Wilcox writes the procedure made Walter Jordan “much worse, and burning a hole in his skull could cause the surrounding bone to die and become at risk of infection.” Dr. Anna Likhacheva is a staff radiation oncologist at the Banner MD Anderson Cancer Center. She says with any kind of cancer, an early diagnosis means the patient will have a better chance at survival. Doctors at the Banner MD Anderson Cancer Center use radiation therapy to treat invasive skin cancer. “Some cancers that are easily curable at an early stage, if left untreated for years, can take someone’s life,” she said. Likhacheva says invasive squamous cell carcinomas “cannot be treated with just simple, do it at home procedures or in-office procedures. Those need either surgery or they need radiation therapy.” Medical records show after months of seeing a dermatologist, Walter Jordan was finally referred to an oncologist. The referral came after a Corizon Health provider noted his rapidly deteriorating state. After evaluating a large wound on Jordan’s scalp, the provider wrote in all capital letters:
“THE WOUND IS HORRIFIC. PT IS EXPOSED TO THE ENVIRONMENT (DUST, DIRT, HEAT, FLIES) DIRTY HOUSING AND SHOWER FACILITIES…. I CANNOT STRESS HOW IMPORTANT IT IS THAT WE TAKE SOME SORT OF IMMEDIATE ACTION.”
Wilcox’s report says the medical records show by the time Walter Jordan received radiation therapy, the cancer had already penetrated his skull.
“It is difficult to fathom,” Wilcox writes, “how a squamous cell carcinoma could grow so large and so deep that it breached the skull and reached the brain, if the treating provider and the specialist dermatologist is vigilant and practicing within the standard of care.”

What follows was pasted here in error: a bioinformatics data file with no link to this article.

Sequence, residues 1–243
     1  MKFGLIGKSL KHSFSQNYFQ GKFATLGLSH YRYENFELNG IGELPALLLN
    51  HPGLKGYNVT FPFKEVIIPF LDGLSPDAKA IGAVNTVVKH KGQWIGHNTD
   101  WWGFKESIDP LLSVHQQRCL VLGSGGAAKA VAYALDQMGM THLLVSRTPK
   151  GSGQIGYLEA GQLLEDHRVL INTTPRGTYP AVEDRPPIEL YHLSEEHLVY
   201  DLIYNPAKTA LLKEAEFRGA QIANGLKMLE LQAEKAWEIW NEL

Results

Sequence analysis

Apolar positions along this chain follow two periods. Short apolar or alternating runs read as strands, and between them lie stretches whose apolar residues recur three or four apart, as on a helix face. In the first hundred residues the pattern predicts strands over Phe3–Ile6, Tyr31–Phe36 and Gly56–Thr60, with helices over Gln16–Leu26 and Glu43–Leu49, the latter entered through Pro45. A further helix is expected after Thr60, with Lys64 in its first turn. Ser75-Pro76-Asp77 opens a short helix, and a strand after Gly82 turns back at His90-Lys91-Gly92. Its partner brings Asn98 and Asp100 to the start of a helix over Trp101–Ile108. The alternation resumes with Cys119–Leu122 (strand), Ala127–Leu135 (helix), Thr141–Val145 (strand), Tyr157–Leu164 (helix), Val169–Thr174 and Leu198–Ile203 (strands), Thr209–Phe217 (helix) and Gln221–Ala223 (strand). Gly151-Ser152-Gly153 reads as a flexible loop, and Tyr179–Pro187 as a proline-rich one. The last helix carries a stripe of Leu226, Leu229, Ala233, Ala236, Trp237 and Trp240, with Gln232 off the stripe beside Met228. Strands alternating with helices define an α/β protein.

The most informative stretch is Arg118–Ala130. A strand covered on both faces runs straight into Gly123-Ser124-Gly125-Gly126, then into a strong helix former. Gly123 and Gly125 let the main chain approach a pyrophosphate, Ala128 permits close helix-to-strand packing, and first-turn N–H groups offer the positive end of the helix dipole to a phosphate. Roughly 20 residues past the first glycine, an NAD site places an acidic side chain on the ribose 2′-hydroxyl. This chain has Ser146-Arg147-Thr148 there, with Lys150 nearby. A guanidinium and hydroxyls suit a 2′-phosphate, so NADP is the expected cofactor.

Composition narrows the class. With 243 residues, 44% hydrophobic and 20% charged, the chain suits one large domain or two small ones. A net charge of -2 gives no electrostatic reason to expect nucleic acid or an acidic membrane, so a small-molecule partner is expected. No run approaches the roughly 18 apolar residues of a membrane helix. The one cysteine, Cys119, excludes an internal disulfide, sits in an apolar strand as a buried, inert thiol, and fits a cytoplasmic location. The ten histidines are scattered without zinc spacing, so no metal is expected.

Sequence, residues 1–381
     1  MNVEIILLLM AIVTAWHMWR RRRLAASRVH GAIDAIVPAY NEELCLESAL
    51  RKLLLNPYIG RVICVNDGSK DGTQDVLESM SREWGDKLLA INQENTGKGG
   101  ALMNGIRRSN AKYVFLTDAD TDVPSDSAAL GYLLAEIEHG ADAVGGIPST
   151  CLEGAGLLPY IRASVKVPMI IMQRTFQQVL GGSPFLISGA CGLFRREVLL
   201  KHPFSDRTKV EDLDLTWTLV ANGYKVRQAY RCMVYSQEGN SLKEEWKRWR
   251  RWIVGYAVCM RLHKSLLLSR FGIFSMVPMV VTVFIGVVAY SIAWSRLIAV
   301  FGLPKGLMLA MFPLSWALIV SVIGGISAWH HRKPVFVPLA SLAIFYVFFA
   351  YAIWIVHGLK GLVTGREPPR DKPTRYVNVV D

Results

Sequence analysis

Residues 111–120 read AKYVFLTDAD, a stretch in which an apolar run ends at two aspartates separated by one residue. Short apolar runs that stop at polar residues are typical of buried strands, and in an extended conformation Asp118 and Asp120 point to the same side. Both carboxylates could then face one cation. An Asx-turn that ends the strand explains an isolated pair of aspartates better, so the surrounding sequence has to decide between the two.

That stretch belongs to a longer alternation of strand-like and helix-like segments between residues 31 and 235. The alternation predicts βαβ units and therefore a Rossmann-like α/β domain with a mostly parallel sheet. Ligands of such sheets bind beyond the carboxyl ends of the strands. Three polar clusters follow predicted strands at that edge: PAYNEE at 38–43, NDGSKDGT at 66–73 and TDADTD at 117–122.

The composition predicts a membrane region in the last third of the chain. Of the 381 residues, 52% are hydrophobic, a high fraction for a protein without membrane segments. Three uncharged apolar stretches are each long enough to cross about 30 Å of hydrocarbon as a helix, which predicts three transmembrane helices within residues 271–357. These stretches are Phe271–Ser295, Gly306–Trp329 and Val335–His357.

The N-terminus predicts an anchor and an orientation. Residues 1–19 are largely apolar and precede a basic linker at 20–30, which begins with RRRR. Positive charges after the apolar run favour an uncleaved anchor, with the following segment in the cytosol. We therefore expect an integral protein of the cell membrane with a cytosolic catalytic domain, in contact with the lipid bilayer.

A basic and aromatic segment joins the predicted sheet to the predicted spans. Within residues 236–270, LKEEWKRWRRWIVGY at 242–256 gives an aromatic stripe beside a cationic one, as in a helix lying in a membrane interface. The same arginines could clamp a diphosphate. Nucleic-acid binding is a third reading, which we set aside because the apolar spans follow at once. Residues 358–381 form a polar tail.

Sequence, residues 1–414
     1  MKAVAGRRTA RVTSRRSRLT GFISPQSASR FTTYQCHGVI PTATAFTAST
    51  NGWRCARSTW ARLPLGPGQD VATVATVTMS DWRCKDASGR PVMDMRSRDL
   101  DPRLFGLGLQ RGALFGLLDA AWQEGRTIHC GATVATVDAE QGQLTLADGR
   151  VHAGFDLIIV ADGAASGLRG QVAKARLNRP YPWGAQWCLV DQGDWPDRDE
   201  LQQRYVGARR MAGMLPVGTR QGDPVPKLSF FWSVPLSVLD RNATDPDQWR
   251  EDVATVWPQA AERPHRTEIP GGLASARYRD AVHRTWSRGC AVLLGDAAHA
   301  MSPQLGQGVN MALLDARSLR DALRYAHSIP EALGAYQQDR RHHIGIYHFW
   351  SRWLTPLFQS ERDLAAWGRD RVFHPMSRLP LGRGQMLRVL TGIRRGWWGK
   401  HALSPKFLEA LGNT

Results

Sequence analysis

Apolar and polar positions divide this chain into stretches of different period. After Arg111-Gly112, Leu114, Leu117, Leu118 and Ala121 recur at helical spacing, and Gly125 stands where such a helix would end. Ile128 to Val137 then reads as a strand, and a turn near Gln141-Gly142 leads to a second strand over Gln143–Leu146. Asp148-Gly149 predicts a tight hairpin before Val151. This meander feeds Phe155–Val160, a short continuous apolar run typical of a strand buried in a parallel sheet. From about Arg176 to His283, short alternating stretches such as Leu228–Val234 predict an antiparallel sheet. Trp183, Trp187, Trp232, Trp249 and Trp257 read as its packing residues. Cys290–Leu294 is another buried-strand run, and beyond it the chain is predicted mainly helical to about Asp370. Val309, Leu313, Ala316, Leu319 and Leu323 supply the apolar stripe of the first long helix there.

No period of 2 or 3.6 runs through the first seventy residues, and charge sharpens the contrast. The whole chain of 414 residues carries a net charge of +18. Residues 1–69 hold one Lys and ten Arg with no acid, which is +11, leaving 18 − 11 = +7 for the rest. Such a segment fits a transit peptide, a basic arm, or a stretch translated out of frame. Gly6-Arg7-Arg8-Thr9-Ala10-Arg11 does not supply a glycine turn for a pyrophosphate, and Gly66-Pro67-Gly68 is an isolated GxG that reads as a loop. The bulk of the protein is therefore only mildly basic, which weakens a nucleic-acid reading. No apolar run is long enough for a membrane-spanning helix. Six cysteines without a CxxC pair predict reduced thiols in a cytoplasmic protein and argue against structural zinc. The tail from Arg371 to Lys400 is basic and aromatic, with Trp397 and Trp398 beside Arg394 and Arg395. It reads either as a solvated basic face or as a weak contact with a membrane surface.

Corene Kendrick, an attorney with the Prison Law Office, had Wilcox review Walter Jordan’s records.
“Mr. Jordan’s care and what happened to him is sadly very emblematic of the deficiencies that we see in the medical care that’s being delivered by ADC and Corizon,” she said, “from the inadequate specialty care to the lack of pain management for somebody with terminal cancer, and also the failure to take basic preventative measures.”
Walter Jordan’s records show he was prescribed SPF 50 sunscreen by a provider. But a nurse reversed the order for sunscreen and suggested Walter Jordan buy his own, lower SPF sunscreen at the prison commissary.
In his review, Wilcox notes that Walter Jordan experienced “extreme pain throughout the last few months of his life. The medical record also documents Corizon provided him only Tylenol with codeine dosed twice per day.”
Wilcox writes this was not an appropriate treatment plan for a patient with cancer pain. “This pain management style with intermittent pain relief from a short-half-life medication is just wrong. It is actually the opposite of how cancer pain should be managed,” he said. “Appropriate management of chronic severe cancer pain should be accomplished using long-half-life opiates of adequate strength to ameliorate the pain.” In his report, Wilcox says there are “many options for adequate pain management,” adding “there is no excuse for therapeutic nihilism (undertreatment) of cancer pain that appears to be the norm in the Arizona prison health care system.”